Finally our GI doctor came in. She informed me that as long as Tinleigh wasn’t in a great amount of pain we could go home today. She just had to be able to tolerate two feeds of formula through her tube. I took the deal! So our plan was to hook her up now, then again around one. We also had to discuss our plan of action for the next few months. Funny thing is a few short weeks after I found out about our little #4 surprise our GI found out the same thing. So we’re due with in weeks of each other. That puts us close to what would be Tinleigh’s first three month scope on elemental only. We worked things out and have a plan, my mind is at ease.  We will scope Tinleigh in three months time only if she’s begging for food. If she’s content how she is then we’ll push it off for 6 months. That is around the time we will be scoping Gage for his new food trials.

Tinleigh did awesome with the first feed. She was a little groggy. When she had woke up she was complaining her belly hurt so we did one more dose of morphine. She just wanted grandma to hold her. I ended up running down to grab us some lunch while she was happy in grandma’s lap. When I got back Tinleigh was asleep in her bed. Mom said she wanted to get back in her bed. So she laid her down and she fell right to sleep. She was still sound asleep when it was time to hook her up again. We decided it was best for her to rest rather than to worry about getting out of there asap. Tinleigh slept and slept. To the point where it was getting to cut off time of mom having to leave to go get the boys from school. So I made a few quick phone calls and was able to have a friend get the boys so mom could stay with us and we could leave when Tinleigh was ready.

She finally woke up and we got her going. She was very leery of us touching her button. I’m sure it was very tender. We assured her though it was ok and I was ever so careful. Luckily I didn’t have the shakes like I did when Gage got his button.

The number one thing I had already started getting lined up was her home care delivery. Gage gets a shipment of supplies monthly. This would include his formula, formula bags and extensions. Before we even had surgery I had already spoke with someone in our GI office about the supplies I wanted for Tinleigh. I told them the size bags, brand of pump and the special little book bag I wanted for her. So when we got to our room the day before I immediately began finding out where they were with her delivery and if things were in place. They had the call into our home health delivery company but things weren’t 100% lined up yet. So even though Tinleigh had finished her second feeding we weren’t cleared to leave. I assured them I had supplies at home and she could share Gage’s pump. They were fine with that. They wanted to make sure though she would get her delivery the next day. So it took about another hour before we got the final ok to go home.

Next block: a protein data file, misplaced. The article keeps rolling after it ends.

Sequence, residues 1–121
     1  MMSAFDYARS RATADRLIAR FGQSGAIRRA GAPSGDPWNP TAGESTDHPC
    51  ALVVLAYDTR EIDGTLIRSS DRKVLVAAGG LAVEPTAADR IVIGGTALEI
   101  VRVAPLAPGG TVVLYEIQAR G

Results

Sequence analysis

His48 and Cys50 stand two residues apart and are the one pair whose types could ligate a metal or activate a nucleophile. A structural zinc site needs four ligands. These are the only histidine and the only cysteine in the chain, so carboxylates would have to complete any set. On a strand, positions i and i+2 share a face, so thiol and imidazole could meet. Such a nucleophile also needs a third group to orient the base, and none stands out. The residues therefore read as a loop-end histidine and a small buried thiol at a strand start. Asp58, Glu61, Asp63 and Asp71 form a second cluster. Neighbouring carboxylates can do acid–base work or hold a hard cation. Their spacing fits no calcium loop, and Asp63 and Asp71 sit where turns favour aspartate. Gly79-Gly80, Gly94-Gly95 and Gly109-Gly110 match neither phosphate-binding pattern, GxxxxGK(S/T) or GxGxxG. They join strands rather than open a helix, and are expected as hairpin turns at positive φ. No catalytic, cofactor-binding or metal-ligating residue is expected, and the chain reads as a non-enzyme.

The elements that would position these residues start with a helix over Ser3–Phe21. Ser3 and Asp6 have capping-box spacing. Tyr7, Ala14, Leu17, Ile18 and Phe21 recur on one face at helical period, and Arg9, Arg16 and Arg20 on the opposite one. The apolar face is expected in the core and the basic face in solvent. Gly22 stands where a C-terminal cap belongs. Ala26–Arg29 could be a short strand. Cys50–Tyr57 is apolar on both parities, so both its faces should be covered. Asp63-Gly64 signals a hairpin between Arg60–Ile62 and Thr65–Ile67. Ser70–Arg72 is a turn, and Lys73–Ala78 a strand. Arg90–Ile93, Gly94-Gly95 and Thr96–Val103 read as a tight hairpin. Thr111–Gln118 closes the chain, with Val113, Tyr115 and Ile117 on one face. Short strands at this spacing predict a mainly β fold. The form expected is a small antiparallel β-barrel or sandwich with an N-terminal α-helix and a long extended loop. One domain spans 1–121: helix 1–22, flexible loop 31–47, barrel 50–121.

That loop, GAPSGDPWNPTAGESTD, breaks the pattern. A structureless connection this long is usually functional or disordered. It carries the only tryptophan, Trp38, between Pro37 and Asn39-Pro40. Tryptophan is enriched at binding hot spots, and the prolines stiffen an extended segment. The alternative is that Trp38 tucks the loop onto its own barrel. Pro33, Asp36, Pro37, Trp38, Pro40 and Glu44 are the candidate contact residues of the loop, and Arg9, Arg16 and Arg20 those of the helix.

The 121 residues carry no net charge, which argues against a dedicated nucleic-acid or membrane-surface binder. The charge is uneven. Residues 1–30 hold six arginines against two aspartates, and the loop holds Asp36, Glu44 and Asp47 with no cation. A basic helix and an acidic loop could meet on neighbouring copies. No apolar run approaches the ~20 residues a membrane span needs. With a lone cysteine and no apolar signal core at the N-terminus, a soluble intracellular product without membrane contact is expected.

In the car I quickly realized Tinleigh’s seat buckle hit exactly where her button was. So I had to recline her seat a few notches so that she wouldn’t be sitting straight up and risk pushing on the button. I was so certain I would hit a bump and she would be screaming in pain. Luckily we made it home safe and sound.

I would say our biggest issue was keeping Tinleigh occupied. Some of the things I took with us included a paper doll book with stickers to dress the dolls in. Sheets of stickers I purchased at the dollar store. My tablet. My phone. She has a Dora hard plastic backpack that we packed with all her little animals she plays with. I even took some plain paper and construction paper with crayons. Luckily the tv system they had there allowed us to also rent movies. That helped tons!